Emerson's poem, in particular, recalls the Patriots' first shots fired at the North Bridge in what is now Charlestown, in northwestern Boston, Massachusetts. These were the first shots in the American Revolution.
The first shot was fired by Samuel Adams outside his house in Boston. It was a 20-pound (9 kg) cannon shot fired at 10 a.m. on March 5, 1775. The impact shattered a portion of the bridge and can be seen today under the sidewalk in front of 18 Commonwealth Avenue. This is the office building of the Department of Conservation and Recreation (DCR), which operates as the Boston Harbor Museum and National Park.
Another account says they came from a nearby hill called Breed's Hill. Yet another says they came from a ship in the harbor called the Concord. But all these accounts are wrong: The first shots were fired from inside Boston's town limits on March 5, 1775, at 10 a.m., from a cannon mounted on a house owned by Samuel Adams next to the site of today's DCR headquarters.
After this initial shot was fired, others followed rapidly. By 11 a.m., British troops under General William Howe had landed near Boston and begun marching toward the town center.
The phrase is from Ralph Waldo Emerson's "Concord Hymn" (1837) and alludes to the first shot of the American Revolution at the Old North Bridge in Concord, Massachusetts, when the first British soldiers died in the battles of Lexington and Concord on April 19, 1775. This event came to be known as the "Shot Heard 'Round the World."
The American war for independence began with a series of acts by individuals within the Thirteen Colonies that broke away from Great Britain. On July 2, 1776, the Continental Congress passed a resolution declaring war against England, and on October 7, 1777, the Congress issued another resolution authorizing the appointment of generals to lead the armies of the colonies. In addition, the Congress enacted legislation to provide for the common defense and general welfare of the colonies.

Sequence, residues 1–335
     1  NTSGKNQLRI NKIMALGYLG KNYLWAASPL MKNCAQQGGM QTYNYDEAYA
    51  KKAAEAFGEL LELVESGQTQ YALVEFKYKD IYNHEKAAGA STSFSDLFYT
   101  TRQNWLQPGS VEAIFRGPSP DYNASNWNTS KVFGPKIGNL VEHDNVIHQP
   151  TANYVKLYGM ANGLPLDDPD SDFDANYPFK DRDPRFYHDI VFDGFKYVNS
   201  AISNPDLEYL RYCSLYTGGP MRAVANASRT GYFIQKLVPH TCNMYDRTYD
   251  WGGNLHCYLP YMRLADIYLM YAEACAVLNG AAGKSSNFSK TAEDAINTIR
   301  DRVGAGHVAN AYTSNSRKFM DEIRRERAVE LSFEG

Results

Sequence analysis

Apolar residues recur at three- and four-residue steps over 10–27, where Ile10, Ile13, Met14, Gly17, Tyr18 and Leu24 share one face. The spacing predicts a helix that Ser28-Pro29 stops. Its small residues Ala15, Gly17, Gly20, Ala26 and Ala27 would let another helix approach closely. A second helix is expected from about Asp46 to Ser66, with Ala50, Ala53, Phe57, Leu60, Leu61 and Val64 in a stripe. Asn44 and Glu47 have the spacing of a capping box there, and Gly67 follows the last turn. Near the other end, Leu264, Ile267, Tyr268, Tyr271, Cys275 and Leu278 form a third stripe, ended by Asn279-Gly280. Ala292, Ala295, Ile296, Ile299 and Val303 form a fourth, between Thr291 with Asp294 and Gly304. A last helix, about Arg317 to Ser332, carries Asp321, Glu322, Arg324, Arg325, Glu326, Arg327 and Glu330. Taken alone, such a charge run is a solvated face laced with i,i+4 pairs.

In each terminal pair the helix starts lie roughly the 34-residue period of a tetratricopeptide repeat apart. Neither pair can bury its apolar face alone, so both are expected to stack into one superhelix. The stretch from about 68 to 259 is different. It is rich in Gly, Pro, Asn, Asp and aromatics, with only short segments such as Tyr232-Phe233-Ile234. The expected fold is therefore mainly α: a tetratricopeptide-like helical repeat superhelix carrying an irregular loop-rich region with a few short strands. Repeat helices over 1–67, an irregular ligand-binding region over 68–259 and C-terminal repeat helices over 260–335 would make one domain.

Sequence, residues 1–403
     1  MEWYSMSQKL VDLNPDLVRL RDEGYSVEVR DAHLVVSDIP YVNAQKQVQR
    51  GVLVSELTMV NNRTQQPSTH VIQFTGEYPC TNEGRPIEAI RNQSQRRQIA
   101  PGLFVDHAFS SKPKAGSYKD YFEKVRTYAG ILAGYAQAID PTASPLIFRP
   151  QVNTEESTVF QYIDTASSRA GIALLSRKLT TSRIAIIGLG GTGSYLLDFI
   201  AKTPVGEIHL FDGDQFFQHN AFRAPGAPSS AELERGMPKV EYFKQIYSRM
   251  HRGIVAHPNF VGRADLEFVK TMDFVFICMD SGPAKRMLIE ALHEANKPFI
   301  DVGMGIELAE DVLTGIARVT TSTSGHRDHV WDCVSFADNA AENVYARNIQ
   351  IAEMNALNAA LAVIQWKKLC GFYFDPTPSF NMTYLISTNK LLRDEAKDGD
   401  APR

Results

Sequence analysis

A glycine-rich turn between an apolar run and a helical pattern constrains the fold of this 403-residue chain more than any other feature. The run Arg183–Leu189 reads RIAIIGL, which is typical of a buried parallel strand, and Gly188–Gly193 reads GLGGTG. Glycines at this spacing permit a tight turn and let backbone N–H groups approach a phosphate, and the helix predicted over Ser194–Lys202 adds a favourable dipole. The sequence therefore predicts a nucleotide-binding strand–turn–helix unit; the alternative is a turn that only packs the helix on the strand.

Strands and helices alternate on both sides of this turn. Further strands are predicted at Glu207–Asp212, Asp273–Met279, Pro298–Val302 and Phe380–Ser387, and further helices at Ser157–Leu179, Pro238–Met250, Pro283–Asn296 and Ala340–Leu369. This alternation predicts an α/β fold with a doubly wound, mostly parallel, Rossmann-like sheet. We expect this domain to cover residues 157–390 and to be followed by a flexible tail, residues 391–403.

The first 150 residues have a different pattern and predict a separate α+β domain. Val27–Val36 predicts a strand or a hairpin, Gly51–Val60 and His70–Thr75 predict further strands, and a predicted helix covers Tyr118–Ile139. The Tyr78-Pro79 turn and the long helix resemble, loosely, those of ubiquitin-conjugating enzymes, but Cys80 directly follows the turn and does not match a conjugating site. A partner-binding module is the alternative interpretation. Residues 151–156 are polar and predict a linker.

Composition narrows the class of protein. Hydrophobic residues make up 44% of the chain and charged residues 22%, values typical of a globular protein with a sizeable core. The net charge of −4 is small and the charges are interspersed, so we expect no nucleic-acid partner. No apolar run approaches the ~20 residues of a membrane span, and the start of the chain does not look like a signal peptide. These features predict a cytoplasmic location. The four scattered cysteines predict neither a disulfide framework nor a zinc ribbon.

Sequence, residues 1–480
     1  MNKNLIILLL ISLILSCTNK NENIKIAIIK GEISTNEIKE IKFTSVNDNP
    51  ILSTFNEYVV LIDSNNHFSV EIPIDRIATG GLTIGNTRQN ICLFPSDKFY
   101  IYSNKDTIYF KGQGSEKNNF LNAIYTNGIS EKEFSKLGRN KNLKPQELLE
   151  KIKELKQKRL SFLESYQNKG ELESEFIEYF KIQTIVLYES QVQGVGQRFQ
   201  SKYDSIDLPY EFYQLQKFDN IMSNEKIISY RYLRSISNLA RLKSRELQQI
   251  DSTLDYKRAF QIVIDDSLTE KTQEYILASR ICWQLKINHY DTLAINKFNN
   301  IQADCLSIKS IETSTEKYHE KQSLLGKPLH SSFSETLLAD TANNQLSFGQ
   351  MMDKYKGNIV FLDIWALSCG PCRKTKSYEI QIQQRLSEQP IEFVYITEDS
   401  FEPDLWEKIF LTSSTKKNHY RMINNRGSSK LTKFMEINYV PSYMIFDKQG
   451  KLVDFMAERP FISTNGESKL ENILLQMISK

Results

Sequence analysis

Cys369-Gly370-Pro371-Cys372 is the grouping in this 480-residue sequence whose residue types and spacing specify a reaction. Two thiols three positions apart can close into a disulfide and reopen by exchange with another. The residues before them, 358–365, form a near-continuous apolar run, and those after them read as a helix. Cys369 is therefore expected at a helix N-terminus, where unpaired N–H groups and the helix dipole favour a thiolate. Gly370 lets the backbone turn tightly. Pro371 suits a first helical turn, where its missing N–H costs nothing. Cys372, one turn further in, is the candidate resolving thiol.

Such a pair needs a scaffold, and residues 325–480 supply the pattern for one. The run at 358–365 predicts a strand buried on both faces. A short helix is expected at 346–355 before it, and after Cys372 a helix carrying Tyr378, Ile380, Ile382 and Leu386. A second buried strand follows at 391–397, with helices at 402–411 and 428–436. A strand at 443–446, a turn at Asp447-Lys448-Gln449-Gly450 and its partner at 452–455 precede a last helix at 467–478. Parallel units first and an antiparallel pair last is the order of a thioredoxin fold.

In its initial stages, the war was not highly organized or coordinated. Each colony acted independently in deciding how to fight the war, so there were no official armies until after the creation of the United States in 1789. Even then, the new nation divided up its military forces by giving some states large numbers of troops to defend against possible attacks by larger countries such as France or Spain while other states with smaller populations had only a small number of soldiers available. This division of power led to problems for the new government, especially when it came time to make decisions about spending money on wars.
The 245th anniversary of the first shot of the Revolutionary War—later dubbed the "shot heard round the world" by American poet Ralph Waldo Emerson—was held on April 19, 2020, at the Old North Bridge in Concord, Massachusetts. The incident occurred when Colonel Joseph Warren raised the alarm that the British were advancing on Lexington with guns blazing.
The first shots were fired from a redoubt (a small fortress) built by colonists near the present-day Commuter Rail Station in South Burlington, Vermont. They were firing on a group of British soldiers who had captured some horses nearby. The verdant hills of Vermont were used as a safe refuge for those trying to escape the fighting in New York and Massachusetts.